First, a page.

Developing WPF Applications That Don't Suck


Class Description

Detailed Syllabus

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Developing WPF Applications
That Don't Suck

A 5-Day Training Class
Taught by David S. Platt, M.E.

President, Rolling Thunder Computing Instructor in Computer Science, Harvard University Extension School

Author of Why Software Sucks  and Introducing Microsoft .NET

In-house at your company, on your schedule, customized to your needs
Call (978) 356 6377 for information

WPF is more powerful than Windows Forms, as a chain saw is more powerful than a hand saw. With WPF, you can make your user much happier and more productive, which is your ultimate goal. But like anything else powerful, WPF is also double-edged. You can also make your user much less happy and less productive by using WPF, from simple confusion down to inflicting physical pain in under 30 seconds. Read my article “Using WPF for Good and Not Evil” to see examples of both.

Most WPF instruction teaches you HOW to do things, without discussing what you should be doing and what you shouldn’t, or where and when you should do something versus when you shouldn’t, let alone why. I consider that to be malpractice – as bad as teaching someone how to fire up a chain saw without also teaching him which end of it to hold.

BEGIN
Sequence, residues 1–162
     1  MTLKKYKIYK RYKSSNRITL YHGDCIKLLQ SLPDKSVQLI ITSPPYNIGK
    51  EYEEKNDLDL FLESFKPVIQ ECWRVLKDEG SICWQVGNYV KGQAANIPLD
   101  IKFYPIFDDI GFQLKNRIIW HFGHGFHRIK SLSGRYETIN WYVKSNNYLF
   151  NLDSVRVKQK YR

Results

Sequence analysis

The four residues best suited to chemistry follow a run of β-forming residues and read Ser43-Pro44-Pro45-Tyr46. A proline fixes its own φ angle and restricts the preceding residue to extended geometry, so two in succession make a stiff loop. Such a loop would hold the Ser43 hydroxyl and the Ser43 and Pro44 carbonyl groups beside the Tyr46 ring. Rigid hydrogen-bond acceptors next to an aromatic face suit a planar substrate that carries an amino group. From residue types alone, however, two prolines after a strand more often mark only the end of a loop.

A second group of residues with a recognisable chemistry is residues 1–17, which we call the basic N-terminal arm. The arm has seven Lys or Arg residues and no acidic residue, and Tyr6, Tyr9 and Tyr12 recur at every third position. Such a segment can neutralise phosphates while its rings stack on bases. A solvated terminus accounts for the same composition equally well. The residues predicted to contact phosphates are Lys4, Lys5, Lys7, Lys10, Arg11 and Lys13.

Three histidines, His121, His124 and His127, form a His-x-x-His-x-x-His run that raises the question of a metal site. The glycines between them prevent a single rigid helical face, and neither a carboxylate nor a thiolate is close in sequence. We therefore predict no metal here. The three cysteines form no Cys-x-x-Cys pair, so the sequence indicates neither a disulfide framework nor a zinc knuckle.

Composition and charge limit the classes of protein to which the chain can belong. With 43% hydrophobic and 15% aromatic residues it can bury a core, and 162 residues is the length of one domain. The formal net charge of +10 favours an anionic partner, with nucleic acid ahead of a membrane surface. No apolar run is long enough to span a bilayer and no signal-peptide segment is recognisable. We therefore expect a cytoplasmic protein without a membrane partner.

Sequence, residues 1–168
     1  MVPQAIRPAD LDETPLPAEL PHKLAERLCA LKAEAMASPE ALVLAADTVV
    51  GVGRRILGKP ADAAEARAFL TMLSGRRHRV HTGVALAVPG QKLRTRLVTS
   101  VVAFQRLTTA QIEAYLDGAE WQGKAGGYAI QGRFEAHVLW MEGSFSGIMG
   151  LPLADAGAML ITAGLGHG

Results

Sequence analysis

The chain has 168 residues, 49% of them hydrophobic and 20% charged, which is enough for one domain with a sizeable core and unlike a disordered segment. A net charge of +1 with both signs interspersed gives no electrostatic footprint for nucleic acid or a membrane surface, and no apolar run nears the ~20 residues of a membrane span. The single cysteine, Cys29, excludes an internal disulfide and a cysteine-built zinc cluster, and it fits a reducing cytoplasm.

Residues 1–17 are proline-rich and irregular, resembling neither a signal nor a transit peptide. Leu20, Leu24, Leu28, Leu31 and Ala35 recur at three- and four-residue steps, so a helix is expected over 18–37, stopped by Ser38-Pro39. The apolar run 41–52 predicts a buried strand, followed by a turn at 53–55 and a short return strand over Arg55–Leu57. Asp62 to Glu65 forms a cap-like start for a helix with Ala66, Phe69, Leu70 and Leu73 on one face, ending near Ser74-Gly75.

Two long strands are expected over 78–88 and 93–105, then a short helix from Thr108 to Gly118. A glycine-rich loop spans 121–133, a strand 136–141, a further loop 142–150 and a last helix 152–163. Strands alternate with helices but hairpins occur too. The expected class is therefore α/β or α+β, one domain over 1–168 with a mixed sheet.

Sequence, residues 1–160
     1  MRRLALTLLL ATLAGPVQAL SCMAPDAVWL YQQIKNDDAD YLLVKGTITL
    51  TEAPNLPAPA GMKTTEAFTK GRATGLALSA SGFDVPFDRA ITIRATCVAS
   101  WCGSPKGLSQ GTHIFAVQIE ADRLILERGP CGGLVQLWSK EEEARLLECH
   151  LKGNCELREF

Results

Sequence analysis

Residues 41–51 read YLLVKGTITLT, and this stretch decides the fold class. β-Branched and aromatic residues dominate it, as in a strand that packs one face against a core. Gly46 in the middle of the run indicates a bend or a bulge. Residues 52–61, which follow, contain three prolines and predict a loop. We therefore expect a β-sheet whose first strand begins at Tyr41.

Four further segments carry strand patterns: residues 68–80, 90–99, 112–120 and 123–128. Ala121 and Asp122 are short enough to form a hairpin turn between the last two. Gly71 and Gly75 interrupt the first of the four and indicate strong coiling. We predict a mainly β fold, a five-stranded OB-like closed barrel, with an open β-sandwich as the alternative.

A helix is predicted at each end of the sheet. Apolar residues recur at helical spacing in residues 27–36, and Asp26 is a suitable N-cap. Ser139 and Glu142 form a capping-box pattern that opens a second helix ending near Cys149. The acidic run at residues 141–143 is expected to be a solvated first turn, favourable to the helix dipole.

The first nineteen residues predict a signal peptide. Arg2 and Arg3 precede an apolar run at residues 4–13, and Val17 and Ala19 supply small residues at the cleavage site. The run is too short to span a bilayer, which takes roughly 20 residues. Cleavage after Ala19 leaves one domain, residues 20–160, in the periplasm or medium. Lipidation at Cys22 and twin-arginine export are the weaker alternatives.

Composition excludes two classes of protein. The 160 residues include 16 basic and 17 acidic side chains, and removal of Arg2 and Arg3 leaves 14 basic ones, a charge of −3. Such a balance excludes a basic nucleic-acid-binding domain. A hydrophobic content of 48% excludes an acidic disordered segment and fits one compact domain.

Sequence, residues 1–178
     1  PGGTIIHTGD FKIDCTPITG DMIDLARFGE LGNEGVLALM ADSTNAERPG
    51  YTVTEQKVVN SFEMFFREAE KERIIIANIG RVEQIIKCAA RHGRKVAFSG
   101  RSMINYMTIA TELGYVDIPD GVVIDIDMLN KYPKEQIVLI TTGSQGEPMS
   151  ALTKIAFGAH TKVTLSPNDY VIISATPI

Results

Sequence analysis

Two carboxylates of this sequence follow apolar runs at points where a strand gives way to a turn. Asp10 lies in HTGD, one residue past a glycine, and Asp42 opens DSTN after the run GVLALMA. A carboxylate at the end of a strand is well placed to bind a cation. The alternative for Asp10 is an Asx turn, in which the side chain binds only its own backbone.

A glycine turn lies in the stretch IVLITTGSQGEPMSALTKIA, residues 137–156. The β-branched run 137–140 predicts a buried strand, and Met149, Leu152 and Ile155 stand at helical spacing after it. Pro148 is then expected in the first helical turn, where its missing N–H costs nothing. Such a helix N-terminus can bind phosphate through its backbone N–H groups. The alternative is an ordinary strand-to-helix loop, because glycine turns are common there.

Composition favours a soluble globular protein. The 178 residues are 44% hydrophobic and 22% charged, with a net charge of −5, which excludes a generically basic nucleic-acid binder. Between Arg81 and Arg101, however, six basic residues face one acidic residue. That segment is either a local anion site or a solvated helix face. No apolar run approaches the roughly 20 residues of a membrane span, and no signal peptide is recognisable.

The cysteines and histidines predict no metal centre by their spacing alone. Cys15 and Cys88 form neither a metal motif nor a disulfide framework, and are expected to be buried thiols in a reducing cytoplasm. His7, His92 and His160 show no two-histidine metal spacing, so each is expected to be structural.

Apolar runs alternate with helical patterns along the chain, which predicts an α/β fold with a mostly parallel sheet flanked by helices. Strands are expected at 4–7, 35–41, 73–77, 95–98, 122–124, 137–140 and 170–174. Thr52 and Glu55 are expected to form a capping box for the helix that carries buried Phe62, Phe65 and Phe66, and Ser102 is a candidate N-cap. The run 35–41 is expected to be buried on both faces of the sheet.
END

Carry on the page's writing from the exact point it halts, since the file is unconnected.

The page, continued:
This class is designed for developers, architects, and managers switching from Windows Forms to WPF. I  teach you how to start implementing in WPF, but I also teach you how to carefully choose and employ WPF’s features in ways that please your users.  

The goals of this class are:

1. To understand the fundamental architecture of WPF and to understand the specific features of WPF that are most useful in enterprise applications, and

2. To understand how to design your WPF applications to make users happier and more productive, and

3. To provide you with the understanding of the fundamental principles in items 1 and 2 that will allow you to continue to progress on your own.

Note: If you already know how to program WPF, and want a class in pure user interface design, see my class on Developing Software That Doesn't Suck

Schedule/Topic Grid:      Detailed Syllabus       

Day Morning Topic Afternoon Topic
1 Introduction Fundamental Structure
2 Controls Layout
3 Styles and Templates Data Binding
4 Using WPF for Good and Not Evil Writing User Stories
5 Testing on Live Animals Instrumentation for Knowing Thy User